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  • Soul Like The Spider
    1,395 words
    William Stafford's "Traveling Through the Dark" is beautifully written poem that expresses one of life's most challenging aspects. It is the story of a man's solitary struggle to deal with a tragic event that he encounters. Driving down a narrow mountain road, Traveling Through the Dark, the narrator of the poem encounters a deer. This line might fool the reader into believing the poem has a happy theme; after all, a deer is a beautiful creature that most people associate with nature or freedom....
  • Theme Of Death In Poems Death
    861 words
    The Theme of Death in Poems Death is a common theme in many poems. It is viewed so differently to everyone. In the poems, "Because I could not stop for Death,"First Death in Nova Scotia", and "War is kind" death is presented by each narrator as something different. To one it is a kind gentle stranger while to another it is a cold cruel being. A kind gentleman stranger personifies death in, "Because I could not stop for Death". The narrator of the poem is a busy person, with little time, and defi...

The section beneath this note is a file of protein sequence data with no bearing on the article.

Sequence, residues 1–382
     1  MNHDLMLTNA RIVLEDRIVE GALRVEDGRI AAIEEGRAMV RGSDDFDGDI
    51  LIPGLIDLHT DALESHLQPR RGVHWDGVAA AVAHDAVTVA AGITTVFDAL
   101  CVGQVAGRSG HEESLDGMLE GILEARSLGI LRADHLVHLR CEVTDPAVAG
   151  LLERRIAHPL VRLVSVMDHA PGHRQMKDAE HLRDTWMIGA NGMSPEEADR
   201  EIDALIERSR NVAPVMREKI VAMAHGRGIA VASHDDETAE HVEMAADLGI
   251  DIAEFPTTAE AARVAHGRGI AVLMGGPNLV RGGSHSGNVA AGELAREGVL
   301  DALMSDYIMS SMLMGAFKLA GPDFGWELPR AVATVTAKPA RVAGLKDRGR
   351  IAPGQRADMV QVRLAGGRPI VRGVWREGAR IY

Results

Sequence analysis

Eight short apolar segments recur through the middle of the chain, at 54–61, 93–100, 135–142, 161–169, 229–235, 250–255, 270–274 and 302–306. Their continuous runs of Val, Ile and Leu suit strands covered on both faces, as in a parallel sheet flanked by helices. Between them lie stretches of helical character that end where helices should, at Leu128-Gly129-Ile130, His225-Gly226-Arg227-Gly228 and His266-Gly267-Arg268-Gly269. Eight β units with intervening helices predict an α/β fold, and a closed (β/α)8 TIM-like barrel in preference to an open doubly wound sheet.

• Raven And The Death Of Lenore
    1,348 words
    The Meanings of the Raven Edgar Allan Poe's "The Raven" employs a raven itself as a symbol of the torture, mainly the self-inflicted torture, of the narrator over his lost love, Lenore. The raven, it can be argued, is possibly a figment of the imagination of the narrator, obviously distraught over the death of Lenore. The narrator claims in the first stanza that he is weak and weary (731). He is almost napping as he hears the rapping at the door, which could quite possibly make the sound somethi...
  • The Leech Gatherer by Wordsworth Poem Summary
    1,695 words
    My response to William Wordsworth's Resolution and Independence focuses upon the precept that Wordsworth's narrator uses the tale of the Leech Gatherer as a means to achieve 'resolution' to his own internal crisis. This is highlighted by, in my opinion, the narrator not so much paying attention to the Leech Gatherer's tale, yet instead his pre-occupation with what he wants to interpret from the tale in order to satisfy his needs. I further argue that in doing so Wordsworth's poem constructs the ...
  • Most Effective Literary Device
    953 words
    Babi Yar, a poem written by Yevgeny Yevtushenko, tells the story of the Nazi invasion into a small part of Russia, in which, throughout the duration of World War II, over one-hundred thousand Jews, Gypsies and Russian POW's were brutally murdered. However, what is unique about this particular perspective is that the narrator is not a Jew, but a mere observer who is aghast at the atrocities that took place during the Holocaust. It is through allusions, as well as other literary devices, that Yevt...